A Message of Hope
The protests, marches, and sense of outrage that has swept across the world in recent days and weeks have touched us all. They have forced all of us, regardless of nationality, ethnicity, age, or gender to ask ourselves one simple question: what can I do differently?
I recognize of course, that’s very easy for me to say as a white, middle-class male living in a free western society. I wouldn’t know what discrimination feels like if I fell over it. Sometimes though, moments come along that generate momentum, and that’s what Black Lives Matter protests mean. Not just a force for change and an end to systemic racism, but a challenge to us all to build something that doesn’t disadvantage whole communities – an opportunity to make a real difference. If we are to build fairer, more equal societies across the world, it’s down to each of us to recognize we have a part to play in doing so, and the time is now. Actually the right time was several decades ago but now is better than tomorrow.
Perhaps the most important thing we can do right now is to listen and understand. At this point, I’d like to turn to a couple of people who have put it better than I ever could. Before reading anything else on this page, please take a moment to read this article from Eulanda and Omo Osagiede, who run the blog Hey! Dip Your Toes In. They recount their own personal experiences, and the simple steps we can all take to start to make a difference. Maybe by listening to accounts like this and taking on the recommendations they make, we can begin to change the world.
About the origami version of the Black Lives Matter Logo
This model was designed by the American origami creator Beth Johnson. She has produced some interesting and unique models which I’ll be featuring on this blog when I get around to folding them! Keep an eye on this blog if you’re interested in seeing more of her models. This is an iconic design, translated into origami very well, to create an origami model that is bold, striking, and instantly recognizable. It’s also well suited to origami, with sharp, angular lines. Very dramatic.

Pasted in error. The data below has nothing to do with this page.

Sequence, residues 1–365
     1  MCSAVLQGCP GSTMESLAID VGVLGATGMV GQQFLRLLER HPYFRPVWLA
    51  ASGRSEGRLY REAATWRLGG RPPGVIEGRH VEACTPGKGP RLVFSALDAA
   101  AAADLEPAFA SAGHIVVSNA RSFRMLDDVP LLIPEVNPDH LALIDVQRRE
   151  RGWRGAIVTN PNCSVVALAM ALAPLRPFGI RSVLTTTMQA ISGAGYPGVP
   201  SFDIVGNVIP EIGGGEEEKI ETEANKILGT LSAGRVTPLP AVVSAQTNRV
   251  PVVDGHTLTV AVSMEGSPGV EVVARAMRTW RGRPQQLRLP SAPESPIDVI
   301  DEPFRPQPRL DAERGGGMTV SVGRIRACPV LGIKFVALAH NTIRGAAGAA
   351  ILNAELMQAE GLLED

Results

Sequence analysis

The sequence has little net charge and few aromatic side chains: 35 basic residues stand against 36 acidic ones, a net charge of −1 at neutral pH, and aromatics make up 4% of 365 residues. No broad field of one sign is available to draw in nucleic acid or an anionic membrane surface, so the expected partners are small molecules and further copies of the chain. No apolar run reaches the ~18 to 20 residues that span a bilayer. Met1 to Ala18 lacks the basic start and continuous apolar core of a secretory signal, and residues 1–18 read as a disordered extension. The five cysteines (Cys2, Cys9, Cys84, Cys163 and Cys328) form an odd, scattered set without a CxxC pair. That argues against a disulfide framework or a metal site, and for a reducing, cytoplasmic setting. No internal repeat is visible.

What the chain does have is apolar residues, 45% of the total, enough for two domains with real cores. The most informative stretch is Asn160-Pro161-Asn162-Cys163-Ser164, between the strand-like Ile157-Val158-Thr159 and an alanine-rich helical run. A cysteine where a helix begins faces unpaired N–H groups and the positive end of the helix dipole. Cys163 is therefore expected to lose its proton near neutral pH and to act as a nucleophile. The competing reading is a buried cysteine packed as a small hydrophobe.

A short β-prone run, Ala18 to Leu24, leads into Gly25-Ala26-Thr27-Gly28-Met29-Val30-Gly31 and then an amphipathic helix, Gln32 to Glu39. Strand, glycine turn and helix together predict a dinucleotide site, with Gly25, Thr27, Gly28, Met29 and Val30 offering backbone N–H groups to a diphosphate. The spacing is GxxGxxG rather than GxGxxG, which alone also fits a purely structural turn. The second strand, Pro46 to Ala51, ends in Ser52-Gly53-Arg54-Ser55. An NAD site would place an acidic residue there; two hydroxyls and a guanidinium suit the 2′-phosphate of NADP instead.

Folding the Black Lives Matter Logo
It’s a high intermediate level model and takes about twenty to thirty minutes to fold. It’s a box pleated design, so if you’re familiar with this type of origami, you’ll know that means accurate folding, a fair bit of rearranging layers, and a few sink folds.
I enjoyed making this model. There is a nice progression in the folding sequence. Each step is logical and builds on the previous ones in a way that makes sense and you can see the model develop. Too often the folding sequences for box pleated designs can be ‘precrease here, precrease there, precrease this bit as well, repeat on the other five layers….now unfold the last 25 steps and mangle the whole lot together again so it looks like this’. This model isn’t like that and it feels like you are working with the paper instead of wrestling with it to create each part of the model in turn.
Beth Johnson’s origami Black Lives Matter logo is quite flexible when it comes to paper choice. Johnson recommends kami paper or something of a similar thickness, about 25cm (just under 10in) square. Jo Nakashima recommends 20cm x 20cm kraft paper. I’ve made mine from a standard sheet of 15cm (6in) kami! This produced a model that is 8.5cm (about 3in) tall and 4.5cm (1.75in) wide.
Instructions for folding the origami Black Lives Matter Logo
Beth Johnson has produced diagrams for this design, which are available for free on her website. While you’re there, take a look at some of the other models on her site, particularly the sheep and the hedgehog.
If you prefer folding from a video, there is one made by Jo Nakashima, which, as usual for him, high quality and easy to follow. I’ve included the video here, but it’s worth browsing through the other videos on his youtube channel.
I’ll leave the last word to Beth Johnson, which she includes on the instructions for this model:
Dedicated to the Black Lives Matter movement, and to everyone fighting against racism, violence and systemic oppression and fighting for justice, equality and a kinder, more compassionate world. Please feel free to use and share freely.
I’d love to hear your views on this Black Lives Matter origami model. Feel free to let me know what you think in the comments below, or you find can me on Instagram or Twitter. Check out my Pinterest boards too!
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